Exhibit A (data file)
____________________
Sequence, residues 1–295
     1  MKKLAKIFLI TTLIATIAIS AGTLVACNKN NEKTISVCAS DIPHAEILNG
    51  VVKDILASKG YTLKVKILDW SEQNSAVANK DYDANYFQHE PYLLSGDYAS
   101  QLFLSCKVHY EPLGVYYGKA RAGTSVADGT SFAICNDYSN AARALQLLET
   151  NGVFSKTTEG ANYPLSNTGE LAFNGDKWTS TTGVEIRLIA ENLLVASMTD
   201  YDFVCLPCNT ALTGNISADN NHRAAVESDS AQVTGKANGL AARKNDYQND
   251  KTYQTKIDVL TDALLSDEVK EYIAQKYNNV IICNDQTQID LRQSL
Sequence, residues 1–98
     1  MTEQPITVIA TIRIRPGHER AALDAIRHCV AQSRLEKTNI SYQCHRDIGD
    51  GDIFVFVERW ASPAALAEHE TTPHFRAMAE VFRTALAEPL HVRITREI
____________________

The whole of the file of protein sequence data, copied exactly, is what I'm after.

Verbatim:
Sequence, residues 1–295
     1  MKKLAKIFLI TTLIATIAIS AGTLVACNKN NEKTISVCAS DIPHAEILNG
    51  VVKDILASKG YTLKVKILDW SEQNSAVANK DYDANYFQHE PYLLSGDYAS
   101  QLFLSCKVHY EPLGVYYGKA RAGTSVADGT SFAICNDYSN AARALQLLET
   151  NGVFSKTTEG ANYPLSNTGE LAFNGDKWTS TTGVEIRLIA ENLLVASMTD
   201  YDFVCLPCNT ALTGNISADN NHRAAVESDS AQVTGKANGL AARKNDYQND
   251  KTYQTKIDVL TDALLSDEVK EYIAQKYNNV IICNDQTQID LRQSL
Sequence, residues 1–98
     1  MTEQPITVIA TIRIRPGHER AALDAIRHCV AQSRLEKTNI SYQCHRDIGD
    51  GDIFVFVERW ASPAALAEHE TTPHFRAMAE VFRTALAEPL HVRITREI